Great many thanks to all of you that have so generously responded to the call for fresh fruit (thank you so much, now scurvy will no longer be a possibility). Now, let’s move on to my other favourite food group – coffee and chocolate! Monika has brought me a cup filter to see if I like coffee done that way (this will be my third attempt at finding a way to make myself a good cup of coffee in the morning). Also, Anita has mentioned a popsicle maker which I think is brilliant. You might think it is simply a treat-maker but in our world, popsicles are sometimes the only thing standing between us and starvation or craziness from mouth sores. In a few days I will be beginning some meds, including the current chemo, that might promote mucositis (awful boo-boos in your mouth) and popsicles then become one of the few options for relief and nutrition.
Ok so the next food group – also known as chocolate. My preferences are as follows: anything from Mink (thanks Anita) or Purdy (of course) especially Purdy’s peanut butter chocolate (yummy). Dove bars with individually wrapped square. They have one which is half dark and half milk chocolate and that one is oh so delectable….or anything at all really, especially if it’s cherry filled and as long as it is good chocolate. But please, (never thought I’d say this) but moderation is good. This I say not because I want less chocolate, but because storage space is limited.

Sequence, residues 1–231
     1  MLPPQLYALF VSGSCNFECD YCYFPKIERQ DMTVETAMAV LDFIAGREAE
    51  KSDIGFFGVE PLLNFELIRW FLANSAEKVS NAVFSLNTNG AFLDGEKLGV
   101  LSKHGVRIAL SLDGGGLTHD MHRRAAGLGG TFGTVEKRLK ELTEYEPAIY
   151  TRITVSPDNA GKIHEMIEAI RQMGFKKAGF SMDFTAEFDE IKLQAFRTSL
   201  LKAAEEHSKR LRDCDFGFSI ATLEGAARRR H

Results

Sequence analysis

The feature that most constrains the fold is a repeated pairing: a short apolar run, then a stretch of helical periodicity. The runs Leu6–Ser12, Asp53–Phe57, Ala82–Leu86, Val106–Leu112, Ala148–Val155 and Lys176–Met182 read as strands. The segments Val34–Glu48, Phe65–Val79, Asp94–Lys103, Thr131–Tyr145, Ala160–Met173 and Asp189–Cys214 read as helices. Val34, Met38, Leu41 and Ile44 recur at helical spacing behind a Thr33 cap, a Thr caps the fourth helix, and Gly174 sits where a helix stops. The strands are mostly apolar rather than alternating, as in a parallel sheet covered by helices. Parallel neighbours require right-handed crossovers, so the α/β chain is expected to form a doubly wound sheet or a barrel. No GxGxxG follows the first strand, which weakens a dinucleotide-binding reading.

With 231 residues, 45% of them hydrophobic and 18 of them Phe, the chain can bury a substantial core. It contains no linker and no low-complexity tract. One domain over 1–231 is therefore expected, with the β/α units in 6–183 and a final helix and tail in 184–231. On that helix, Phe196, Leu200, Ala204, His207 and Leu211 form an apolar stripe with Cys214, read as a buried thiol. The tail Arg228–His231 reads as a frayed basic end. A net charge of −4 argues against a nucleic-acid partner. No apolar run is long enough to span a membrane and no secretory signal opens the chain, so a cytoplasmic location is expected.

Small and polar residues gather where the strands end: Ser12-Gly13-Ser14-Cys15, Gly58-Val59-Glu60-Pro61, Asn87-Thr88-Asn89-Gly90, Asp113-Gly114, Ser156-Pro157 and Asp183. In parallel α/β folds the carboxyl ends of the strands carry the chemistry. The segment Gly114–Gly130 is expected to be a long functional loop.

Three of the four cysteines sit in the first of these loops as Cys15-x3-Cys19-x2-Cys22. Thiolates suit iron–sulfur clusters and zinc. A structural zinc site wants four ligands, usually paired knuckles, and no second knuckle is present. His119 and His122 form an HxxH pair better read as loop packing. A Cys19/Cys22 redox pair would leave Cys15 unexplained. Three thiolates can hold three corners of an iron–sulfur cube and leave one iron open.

If any of you are coming for a visit, if you can please call me to see if I need a quick run at a local coffee shop for a coffee or corner store for green tea ginger ale or white tea raspberry ginger ale, that’d be great. Who knows what I will feel like by the time you get here. Oh and by the way, never is there any obligation for you to bring anything. People always ask me if I need or want anything. If you mean it, I will tell you. Otherwise, just bring yourself and the pleasure of your company will be more than enough to satisfy my craving for a treat.
More tomorrow for my last day of chemo for an update on whether or not I conquered the side-effects (so far so good).